Friday’s fiery House Judiciary Committee hearing, with acting Attorney General Matt Whitaker in the witness chair, was filled with testy moments, political theatrics and repeated cries of “point of order.”
But even as Whitaker enters his final days serving atop the Justice Department, his sparring with House Democrats did yield some new and substantive insights.
Here are five key takeaways.
Whitaker denied he's talked to Trump about Mueller probe
Whitaker flat-out denied that he has spoken with President Donald Trump about special counsel Robert Mueller’s investigation into Russian interference in the 2016 election.
Early on in Friday’s hearing, the committee’s chairman, Democratic Rep. Jerry Nadler of New York, asked Whitaker whether “at any point” since being briefed on the Mueller probe he “communicated anything you learned in that briefing about the investigation to President Trump?” Whitaker ultimately answered the question, saying he has “not talked to the President of the United States about the special counsel’s investigation,” nor has he “talked about the special counsel’s investigation with senior White House officials.”
Whitaker refused to say whether he's talked to Trump about Cohen case
At the same time, Whitaker was unwilling to say whether he has spoken with Trump about offshoot investigations potentially tied to him that federal prosecutors are now undertaking in New York. When pleading guilty in November 2018 to several charges against him, Trump’s former fixer and attorney, Michael Cohen, directly implicated Trump in alleged schemes, ahead of the 2016 presidential election, to silence women claiming to have had affairs with him.
But when Rep. Val Butler Demings, a Florida Democrat, later asked Whitaker if he “talked to President Trump at all about the Southern District of New York’s case involving Michael Cohen,” Whitaker refused to offer an answer, saying he would not discuss his private conversations with Trump.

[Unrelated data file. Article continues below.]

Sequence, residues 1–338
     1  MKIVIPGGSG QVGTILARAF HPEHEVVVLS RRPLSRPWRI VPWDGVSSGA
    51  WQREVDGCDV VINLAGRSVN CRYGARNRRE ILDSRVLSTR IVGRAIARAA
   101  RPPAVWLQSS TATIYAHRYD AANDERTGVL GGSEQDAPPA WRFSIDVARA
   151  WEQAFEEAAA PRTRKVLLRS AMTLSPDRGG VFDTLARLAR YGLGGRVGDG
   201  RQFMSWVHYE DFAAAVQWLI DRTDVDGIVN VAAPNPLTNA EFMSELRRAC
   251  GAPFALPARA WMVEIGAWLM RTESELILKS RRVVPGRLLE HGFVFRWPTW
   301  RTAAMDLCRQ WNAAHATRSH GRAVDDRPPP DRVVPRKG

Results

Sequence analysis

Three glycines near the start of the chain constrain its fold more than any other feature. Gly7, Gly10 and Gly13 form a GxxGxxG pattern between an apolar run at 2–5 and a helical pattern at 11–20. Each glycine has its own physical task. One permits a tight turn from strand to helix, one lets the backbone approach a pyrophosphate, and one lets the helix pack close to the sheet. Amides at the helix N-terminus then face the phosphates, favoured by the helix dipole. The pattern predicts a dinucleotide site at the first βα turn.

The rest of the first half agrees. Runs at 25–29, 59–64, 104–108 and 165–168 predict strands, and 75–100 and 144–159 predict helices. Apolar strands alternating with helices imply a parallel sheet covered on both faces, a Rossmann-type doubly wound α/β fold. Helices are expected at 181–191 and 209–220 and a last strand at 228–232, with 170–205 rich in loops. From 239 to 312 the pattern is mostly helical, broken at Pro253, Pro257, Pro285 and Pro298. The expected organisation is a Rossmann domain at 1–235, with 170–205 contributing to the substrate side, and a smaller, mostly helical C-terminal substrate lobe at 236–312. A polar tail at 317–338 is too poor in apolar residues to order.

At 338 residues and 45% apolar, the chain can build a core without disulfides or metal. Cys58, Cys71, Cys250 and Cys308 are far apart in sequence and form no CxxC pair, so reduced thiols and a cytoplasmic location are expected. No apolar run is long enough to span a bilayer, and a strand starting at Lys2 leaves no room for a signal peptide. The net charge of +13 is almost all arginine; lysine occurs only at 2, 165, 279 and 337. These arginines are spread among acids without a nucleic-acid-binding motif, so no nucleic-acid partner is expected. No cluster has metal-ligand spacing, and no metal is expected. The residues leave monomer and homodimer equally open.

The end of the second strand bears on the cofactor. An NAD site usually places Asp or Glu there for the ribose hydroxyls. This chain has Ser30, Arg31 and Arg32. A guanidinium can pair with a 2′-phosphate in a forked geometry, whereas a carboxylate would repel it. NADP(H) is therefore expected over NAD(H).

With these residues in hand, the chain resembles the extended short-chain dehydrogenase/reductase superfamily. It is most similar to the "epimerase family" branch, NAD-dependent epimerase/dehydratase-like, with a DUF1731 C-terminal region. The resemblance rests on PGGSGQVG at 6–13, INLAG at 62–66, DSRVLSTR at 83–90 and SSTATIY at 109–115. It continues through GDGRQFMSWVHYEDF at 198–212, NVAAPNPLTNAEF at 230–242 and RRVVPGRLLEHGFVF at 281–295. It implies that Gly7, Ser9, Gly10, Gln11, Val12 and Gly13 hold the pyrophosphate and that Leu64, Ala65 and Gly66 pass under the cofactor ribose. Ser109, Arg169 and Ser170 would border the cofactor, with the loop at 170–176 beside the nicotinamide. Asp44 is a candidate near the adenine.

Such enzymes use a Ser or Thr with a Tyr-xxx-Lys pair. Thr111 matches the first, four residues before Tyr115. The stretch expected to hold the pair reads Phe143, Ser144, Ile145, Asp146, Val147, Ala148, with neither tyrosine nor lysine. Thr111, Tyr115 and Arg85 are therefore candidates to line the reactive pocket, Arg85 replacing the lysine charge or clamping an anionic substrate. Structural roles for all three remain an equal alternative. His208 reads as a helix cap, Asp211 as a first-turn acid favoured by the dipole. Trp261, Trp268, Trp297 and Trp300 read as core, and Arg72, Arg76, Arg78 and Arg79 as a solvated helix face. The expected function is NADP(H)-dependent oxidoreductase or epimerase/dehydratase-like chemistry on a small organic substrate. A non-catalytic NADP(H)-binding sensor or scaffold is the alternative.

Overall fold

Whitaker claimed he has 'not interfered' with Mueller
Congressional Democrats have worried that Whitaker, who publicly criticized Mueller’s investigation before joining the Justice Department, may have tried to influence the probe once he became acting attorney general. But during his testimony on Friday, Whitaker made clear that, as he put it, "I have not interfered in any way with the special counsel's investigation." Under oath, he said that he has never denied funding requests from Mueller and has not blocked any actions contemplated by Mueller. He called Mueller an “honest” broker who, as far as he knows, is not impaired by any conflict of interest, as Trump has previously alleged. “I have been on the record about my respect for Bob Mueller and his ability to conduct this investigation,” Whitaker said.
Whitaker said asylum seekers may not get access to legal assistance
Despite a new Trump administration policy that sends asylum seekers in the United States back to Mexico to wait for their cases to be processed, Whitaker suggested those asylum seekers may not have access to legal assistance as they would if they were inside the United States. “Will the Department of Justice ensure that asylum seekers have access to counsel in Mexico in order to allow them to prepare for their hearings?” Rep. Veronica Escobar, D-Texas, asked Whitaker. In response, he said he would follow relevant “policies” but added, “I cannot make an assurance, especially what happens in a foreign country.” Nadler later suggested that failing to provide legal assistance to asylum seekers -- wherever they are -- could violate the U.S. Constitution.
Whitaker: Trump Justice Department might not protect LGBTQ individuals from discrimination
Whitaker suggested that the Trump administration Justice Department, at least while under his direction, would not take action on its own to help protect lesbian, gay or transgender individuals from discrimination. He refused to say whether he personally believed federal law should protect such individuals from discrimination, insisting the Justice Department merely enforces the law and that it’s up to Congress to expand protections for transgender individuals and others. “If Congress wants [federal law] to extend to transgender people, you can change the law,” he told Rep. Debbie Mucarsel-Powell, D-Fla. “We cannot read into something that is not in the law.” Nevertheless, he said he believes “discrimination of any kind should not happen.